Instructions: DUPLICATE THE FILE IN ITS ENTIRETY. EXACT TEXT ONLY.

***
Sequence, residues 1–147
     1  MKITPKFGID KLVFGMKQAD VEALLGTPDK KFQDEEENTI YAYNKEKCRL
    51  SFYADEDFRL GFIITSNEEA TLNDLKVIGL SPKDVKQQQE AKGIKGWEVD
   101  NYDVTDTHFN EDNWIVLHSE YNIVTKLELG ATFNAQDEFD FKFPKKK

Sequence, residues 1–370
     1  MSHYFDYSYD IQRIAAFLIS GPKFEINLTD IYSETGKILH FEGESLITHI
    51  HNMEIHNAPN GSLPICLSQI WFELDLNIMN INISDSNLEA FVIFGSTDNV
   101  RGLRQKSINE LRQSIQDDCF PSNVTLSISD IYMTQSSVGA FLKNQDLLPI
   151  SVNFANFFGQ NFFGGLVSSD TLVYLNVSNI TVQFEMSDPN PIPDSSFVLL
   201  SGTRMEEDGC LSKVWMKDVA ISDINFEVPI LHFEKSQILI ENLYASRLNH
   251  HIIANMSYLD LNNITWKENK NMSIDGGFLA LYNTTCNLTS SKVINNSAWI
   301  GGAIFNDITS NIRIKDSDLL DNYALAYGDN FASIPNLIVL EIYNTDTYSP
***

Sequence, residues 1–147
     1  MKITPKFGID KLVFGMKQAD VEALLGTPDK KFQDEEENTI YAYNKEKCRL
    51  SFYADEDFRL GFIITSNEEA TLNDLKVIGL SPKDVKQQQE AKGIKGWEVD
   101  NYDVTDTHFN EDNWIVLHSE YNIVTKLELG ATFNAQDEFD FKFPKKK

Sequence, residues 1–370
     1  MSHYFDYSYD IQRIAAFLIS GPKFEINLTD IYSETGKILH FEGESLITHI
    51  HNMEIHNAPN GSLPICLSQI WFELDLNIMN INISDSNLEA FVIFGSTDNV
   101  RGLRQKSINE LRQSIQDDCF PSNVTLSISD IYMTQSSVGA FLKNQDLLPI
   151  SVNFANFFGQ NFFGGLVSSD TLVYLNVSNI TVQFEMSDPN PIPDSSFVLL
   201  SGTRMEEDGC LSKVWMKDVA ISDINFEVPI LHFEKSQILI ENLYASRLNH
   251  HIIANMSYLD LNNITWKENK NMSIDGGFLA LYNTTCNLTS SKVINNSAWI
   301  GGAIFNDITS NIRIKDSDLL DNYALAYGDN FASIPNLIVL EIYNTDTYSP